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Response to Review of Addressing America: George Washington’s Farewell and the Making of National Culture, Politics, and Diplomacy, 1796-1852

I would like to thank Professor Tuffnell for his thoughtful review of Addressing America. I would also like to thank the editors of Reviews in History for the opportunity to respond. Professor Tuffnell made an important observation about the work being done by diplomatic historians that has increasingly incorporated ‘a growing and diversifying chorus of voices … engaged in the creation of foreign policy’. As I conducted the research for Addressing America I was repeatedly struck by the degree to which this chorus of voices – or at least the newspaper and pamphlet reading, George Washington birthday oration attending public – took an active interest in both the world outside the United States and the country’s relationship with it. Assessing public opinion in the antebellum period is challenging; there were no public opinion polls and most people did not leave detailed records of their thoughts on public policy questions. What we do have are editorials, pamphlets, books, and orations that invoked Washington and his principles. And while it is impossible to understand the particular motivations of each of these writers, publishers, and speakers, we can make educated generalizations: they wanted to sell publications and they wanted to influence (or at least court) public opinion. In both cases they saw the Farewell Address as a reliable way to do these things.

In his review, Professor Tuffnell wonders ‘where exactly the Farewell Address stood in the political vocabulary of US policy and opinion makers’, and offers a variety of examples of the question. The simple answer to all of these questions is all of the above. Many politicians were earnest in their support of the Farewell Address, but many others used it as an excuse to call upon the ultimate authority (George Washington) in support of their cause.(1) Annual Washington birthday celebrations and the accompanying orations were as much about habit and tradition – about celebrating America’s greatness through celebration of its preeminent citizen – as they were about a particular concern for the Farewell Address’s ideology of foreign policy. Regardless of why speakers and writers cited it, the act of citation tells us something important about what they believed their audiences felt about Washington and the Farewell Address. Politicians, writers, and speakers would not have continued to frame their arguments and orations in this manner if this approach did not resonate with their readers and listeners.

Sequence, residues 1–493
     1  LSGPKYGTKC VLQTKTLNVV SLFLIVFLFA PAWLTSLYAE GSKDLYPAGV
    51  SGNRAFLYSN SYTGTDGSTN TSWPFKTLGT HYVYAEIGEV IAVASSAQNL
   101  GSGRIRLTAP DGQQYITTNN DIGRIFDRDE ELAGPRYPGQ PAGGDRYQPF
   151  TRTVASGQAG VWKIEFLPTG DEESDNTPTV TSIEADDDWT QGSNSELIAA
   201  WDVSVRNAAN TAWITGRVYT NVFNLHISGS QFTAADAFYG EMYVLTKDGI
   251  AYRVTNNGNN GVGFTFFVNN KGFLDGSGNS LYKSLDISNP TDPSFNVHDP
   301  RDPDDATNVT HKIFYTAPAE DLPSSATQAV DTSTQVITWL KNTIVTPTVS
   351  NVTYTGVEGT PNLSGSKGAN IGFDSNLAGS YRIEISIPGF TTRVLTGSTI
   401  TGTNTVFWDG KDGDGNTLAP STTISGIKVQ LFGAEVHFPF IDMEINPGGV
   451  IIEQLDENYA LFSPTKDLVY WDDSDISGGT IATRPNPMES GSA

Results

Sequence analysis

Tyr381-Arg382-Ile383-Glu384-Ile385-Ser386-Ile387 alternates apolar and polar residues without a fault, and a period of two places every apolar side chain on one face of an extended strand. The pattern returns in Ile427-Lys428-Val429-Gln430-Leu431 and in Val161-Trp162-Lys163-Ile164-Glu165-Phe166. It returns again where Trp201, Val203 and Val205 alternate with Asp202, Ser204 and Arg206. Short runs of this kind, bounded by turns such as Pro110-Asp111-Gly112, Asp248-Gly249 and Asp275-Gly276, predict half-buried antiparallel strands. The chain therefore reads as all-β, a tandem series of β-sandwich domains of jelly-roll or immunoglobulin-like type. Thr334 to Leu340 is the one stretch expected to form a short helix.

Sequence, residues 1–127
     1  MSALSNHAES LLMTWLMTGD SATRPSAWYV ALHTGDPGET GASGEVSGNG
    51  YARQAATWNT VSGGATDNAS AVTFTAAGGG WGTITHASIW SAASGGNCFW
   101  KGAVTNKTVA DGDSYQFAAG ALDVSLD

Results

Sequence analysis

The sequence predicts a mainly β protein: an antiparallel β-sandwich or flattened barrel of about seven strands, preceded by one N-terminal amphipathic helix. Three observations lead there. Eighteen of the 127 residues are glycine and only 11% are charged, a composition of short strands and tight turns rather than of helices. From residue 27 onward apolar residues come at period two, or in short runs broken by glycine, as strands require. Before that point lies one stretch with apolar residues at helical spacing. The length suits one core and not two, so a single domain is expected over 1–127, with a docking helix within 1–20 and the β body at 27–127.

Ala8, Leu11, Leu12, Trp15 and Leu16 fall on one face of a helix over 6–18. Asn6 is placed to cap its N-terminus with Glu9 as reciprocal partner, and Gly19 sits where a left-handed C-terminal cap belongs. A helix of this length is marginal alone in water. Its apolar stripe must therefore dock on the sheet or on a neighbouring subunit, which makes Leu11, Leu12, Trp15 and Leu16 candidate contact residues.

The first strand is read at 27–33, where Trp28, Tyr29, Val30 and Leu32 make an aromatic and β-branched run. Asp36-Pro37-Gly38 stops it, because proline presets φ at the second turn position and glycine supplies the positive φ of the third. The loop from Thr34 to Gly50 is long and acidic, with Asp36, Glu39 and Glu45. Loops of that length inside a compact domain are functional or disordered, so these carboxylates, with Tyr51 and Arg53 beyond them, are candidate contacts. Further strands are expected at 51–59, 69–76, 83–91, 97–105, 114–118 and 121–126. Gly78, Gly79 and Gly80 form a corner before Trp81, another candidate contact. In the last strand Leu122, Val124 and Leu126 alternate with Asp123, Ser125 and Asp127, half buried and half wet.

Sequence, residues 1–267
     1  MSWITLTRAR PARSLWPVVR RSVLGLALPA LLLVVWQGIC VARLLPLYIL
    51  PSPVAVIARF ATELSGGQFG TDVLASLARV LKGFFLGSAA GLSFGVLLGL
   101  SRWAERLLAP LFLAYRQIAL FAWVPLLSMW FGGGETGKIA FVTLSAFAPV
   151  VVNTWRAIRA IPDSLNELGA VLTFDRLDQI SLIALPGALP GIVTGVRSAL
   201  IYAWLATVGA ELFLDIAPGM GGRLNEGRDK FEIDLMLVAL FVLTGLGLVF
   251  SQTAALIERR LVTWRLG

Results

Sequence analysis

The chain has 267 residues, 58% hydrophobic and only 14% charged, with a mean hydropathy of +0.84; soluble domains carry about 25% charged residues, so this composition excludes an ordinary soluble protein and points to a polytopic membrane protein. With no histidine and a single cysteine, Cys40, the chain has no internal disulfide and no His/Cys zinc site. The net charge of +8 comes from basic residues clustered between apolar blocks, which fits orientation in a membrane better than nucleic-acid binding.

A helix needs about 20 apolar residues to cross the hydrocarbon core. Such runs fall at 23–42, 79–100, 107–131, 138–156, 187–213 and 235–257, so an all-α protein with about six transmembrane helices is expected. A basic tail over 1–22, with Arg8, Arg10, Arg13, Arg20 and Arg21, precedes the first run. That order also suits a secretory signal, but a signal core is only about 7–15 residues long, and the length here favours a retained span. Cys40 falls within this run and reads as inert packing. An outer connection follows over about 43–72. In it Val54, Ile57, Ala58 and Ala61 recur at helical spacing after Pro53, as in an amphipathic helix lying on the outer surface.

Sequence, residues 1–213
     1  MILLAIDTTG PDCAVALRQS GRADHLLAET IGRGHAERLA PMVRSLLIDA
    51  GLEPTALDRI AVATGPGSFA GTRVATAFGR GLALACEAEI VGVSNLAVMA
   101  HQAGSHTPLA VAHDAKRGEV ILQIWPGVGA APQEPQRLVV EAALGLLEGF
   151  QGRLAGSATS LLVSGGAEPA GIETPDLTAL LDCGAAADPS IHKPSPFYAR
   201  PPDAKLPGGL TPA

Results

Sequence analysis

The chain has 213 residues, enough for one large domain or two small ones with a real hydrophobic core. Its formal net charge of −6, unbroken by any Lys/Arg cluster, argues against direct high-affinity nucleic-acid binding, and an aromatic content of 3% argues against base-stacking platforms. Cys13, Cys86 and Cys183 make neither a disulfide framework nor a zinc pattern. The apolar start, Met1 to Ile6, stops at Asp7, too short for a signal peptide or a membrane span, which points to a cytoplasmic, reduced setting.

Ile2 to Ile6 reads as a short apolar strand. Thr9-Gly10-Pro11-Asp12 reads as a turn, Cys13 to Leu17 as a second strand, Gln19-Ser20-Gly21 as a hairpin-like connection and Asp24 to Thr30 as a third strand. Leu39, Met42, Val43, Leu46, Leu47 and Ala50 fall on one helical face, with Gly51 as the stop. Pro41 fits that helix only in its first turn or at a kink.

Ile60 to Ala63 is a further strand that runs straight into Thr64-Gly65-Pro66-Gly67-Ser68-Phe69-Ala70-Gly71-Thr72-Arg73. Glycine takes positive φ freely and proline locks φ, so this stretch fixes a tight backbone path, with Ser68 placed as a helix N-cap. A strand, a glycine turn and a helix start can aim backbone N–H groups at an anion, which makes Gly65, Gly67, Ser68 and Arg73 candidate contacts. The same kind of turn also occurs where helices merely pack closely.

This is perhaps best illustrated in the variety of American responses to the US tour of Hungarian revolutionary Louis Kossuth in 1851–2, which is the focus of the final chapter of Addressing America. Kossuth came to the United States to enlist Americans in support of Hungarian independence. For the United States to give this support it would have required the country to abandon its traditional, largely isolationist foreign policy in favor of much deeper engagement in the affairs of Europe. In presenting his case to the American people, Kossuth directly challenged them to give up their devotion to Washington and the principles of his Farewell Address. Kossuth believed that if he could get the United States to move past Washington, he could convince them to militarily intervene in Europe. This appeal – as well as the significant backlash Kossuth faced for making it – speaks to the idea that even outside observers recognized the degree to which, at least rhetorically, Washington and the Farewell Address remained persuasive guides for the conduct of American foreign policy. It is also telling that the lasting memory of Kossuth’s time in the United States was the resulting defense of Washington’s principles offered by the American people.

I will close by briefly addressing Professor Tuffnell’s question about the degree to which debates about the Farewell Address were ‘a sub-plot of the wider contest over the meanings of independence and how best to recapture the spirit of the Revolution’. I would argue that the history of antebellum American politics, broadly defined, can be interpreted as being part of a ‘contest’ to resolve the fundamental nature of the country and the Constitution that the Revolution birthed. Washington’s Farewell Address was one of the important battlegrounds on which this contest played out. Efforts to push back against the perceived limitations of the Farewell Address in the 1840s and 1850s suggest that at least some Americans were ready to put these contests behind them in favor of a bold new future. As the Kossuth episode revealed, though, many Americans still viewed their country, its history, and its future through the lens of Washington’s principles.

Notes

  1. I explore a particular version of this phenomenon in greater depth in “‘If I Had It in His Hand-Writing I Would Burn It’: Federalists and the authorship controversy over George Washington’s Farewell Address, 1808–1859”, Journal of the Early Republic, 34 (Summer 2014), 219–42.Back to (1)